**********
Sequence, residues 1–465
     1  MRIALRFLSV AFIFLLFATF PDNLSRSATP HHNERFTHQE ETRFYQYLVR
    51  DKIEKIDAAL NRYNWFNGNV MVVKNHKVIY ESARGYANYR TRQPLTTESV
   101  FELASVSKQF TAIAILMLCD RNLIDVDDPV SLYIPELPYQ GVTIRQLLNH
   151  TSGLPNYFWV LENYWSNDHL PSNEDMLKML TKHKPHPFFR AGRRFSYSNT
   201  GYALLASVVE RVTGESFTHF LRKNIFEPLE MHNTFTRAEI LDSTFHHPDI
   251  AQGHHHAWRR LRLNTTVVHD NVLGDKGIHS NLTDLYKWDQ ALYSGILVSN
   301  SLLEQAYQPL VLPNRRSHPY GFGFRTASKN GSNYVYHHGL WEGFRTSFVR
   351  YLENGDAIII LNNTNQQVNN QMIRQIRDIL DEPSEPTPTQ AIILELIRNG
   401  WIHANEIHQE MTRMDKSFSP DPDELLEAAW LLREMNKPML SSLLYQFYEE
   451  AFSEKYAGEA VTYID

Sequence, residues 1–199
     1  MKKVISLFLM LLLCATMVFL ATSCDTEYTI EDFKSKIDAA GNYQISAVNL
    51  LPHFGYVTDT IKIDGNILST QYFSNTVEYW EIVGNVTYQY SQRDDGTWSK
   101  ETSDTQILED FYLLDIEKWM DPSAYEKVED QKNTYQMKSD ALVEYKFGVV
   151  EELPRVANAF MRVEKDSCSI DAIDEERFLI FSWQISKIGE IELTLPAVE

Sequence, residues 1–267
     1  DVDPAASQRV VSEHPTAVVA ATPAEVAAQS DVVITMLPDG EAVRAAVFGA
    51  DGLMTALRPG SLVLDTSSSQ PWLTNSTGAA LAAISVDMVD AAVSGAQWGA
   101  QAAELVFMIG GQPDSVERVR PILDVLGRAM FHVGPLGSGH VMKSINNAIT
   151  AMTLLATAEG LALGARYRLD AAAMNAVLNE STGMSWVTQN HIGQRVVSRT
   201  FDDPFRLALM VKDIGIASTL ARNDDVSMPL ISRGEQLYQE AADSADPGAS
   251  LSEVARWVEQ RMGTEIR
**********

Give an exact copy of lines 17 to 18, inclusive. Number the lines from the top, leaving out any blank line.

Sequence, residues 1–267
     1  DVDPAASQRV VSEHPTAVVA ATPAEVAAQS DVVITMLPDG EAVRAAVFGA